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This suburb south of Sydney would be named after the English village of Bexley which had been home to James Chandler, one of the district’s first land owners. The heavily forested area saw timber getters move into the area, with its isolation making the forests a popular hiding place for escaped convicts and bushrangers who were known to frequent Forest Road which ran from Bexley towards Sydney. One of the first inns built in Bexley would reflect this, romanticising the more sensational aspects of the suburbs past with The Robin Hood and Little John Inn.
As Sydney's inner suburbs became more populated and the colony expanded in the mid 1800s, Bexley would become a popular Sydney outcrop for residential development by Sydney's wealthy business owners and merchants. Historic Lyndam House which was built in the 1860s for businessman Joseph Davis and his family is one of the oldest examples of colonial architecture in the St George region and stands today as a perfectly preserved example of how the wealthier residents of Bexley once lived. With the addition of dirty industry to Bexley, which included some of the state’s primary abattoirs operating out of the suburb in the early 1900s, the suburb once home to Sydney's elite would become more working class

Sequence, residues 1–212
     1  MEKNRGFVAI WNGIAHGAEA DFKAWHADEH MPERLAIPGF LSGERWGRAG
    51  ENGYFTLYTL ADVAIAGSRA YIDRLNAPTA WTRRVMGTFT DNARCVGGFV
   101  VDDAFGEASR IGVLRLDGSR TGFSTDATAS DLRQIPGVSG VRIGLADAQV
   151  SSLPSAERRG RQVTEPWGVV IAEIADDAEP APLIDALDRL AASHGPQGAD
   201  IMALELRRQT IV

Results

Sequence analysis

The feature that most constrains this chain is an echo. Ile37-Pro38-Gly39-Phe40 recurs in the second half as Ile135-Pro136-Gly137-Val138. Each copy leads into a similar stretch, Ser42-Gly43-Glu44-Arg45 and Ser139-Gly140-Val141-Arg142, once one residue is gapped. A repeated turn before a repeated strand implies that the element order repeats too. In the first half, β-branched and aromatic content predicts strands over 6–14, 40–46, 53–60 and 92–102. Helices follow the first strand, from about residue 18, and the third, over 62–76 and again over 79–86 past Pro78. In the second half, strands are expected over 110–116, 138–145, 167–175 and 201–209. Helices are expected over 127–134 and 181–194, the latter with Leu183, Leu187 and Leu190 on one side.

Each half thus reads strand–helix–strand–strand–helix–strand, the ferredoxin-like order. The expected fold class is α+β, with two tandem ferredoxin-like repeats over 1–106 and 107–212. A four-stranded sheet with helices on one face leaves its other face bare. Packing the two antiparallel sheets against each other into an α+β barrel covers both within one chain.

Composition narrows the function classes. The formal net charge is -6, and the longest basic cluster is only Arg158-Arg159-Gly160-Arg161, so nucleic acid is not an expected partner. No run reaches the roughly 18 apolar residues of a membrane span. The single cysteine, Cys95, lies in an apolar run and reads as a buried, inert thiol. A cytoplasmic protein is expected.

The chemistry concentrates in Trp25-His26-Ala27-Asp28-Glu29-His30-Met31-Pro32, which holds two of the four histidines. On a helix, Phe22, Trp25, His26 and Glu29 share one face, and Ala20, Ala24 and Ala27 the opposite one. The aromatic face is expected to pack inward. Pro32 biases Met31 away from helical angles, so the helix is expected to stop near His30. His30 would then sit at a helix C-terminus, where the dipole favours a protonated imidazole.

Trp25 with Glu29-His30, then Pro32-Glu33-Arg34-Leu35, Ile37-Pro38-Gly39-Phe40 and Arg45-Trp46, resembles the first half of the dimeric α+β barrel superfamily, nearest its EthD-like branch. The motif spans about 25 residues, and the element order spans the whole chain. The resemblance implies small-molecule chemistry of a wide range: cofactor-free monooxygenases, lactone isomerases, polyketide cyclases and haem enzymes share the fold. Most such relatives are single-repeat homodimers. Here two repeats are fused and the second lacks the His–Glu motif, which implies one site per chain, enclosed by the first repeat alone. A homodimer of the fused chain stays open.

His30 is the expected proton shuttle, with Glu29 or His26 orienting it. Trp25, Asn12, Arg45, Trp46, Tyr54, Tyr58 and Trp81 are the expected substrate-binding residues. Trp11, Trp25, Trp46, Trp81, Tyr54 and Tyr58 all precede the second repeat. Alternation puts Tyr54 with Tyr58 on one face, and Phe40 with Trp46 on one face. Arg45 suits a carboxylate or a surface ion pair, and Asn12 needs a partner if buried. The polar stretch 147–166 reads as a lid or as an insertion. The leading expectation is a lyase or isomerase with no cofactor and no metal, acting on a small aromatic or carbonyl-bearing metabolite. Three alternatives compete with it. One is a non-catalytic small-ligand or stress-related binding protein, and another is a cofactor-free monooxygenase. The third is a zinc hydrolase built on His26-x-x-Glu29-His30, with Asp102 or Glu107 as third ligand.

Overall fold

Still a fairly isolated suburb with few accessible transport routes, the extension of the southern railway line through Bexley in 1884 would be the catalyst for further residential development with land alongside the railway line subdivided to accommodate the new demand. And with the housing boom between the World Wars through to the 1940s, it would be Bexley's comparatively large residential blocks which would prove a popular choice for new home owners. An influx of eastern European migrants and refugees to the area following World War II is still evident today with Bexley home to significant Arabic, Macedonian and Greek communities, whilst more recent migration activity from Asia has seen the formation of a large Chinese community in Bexley.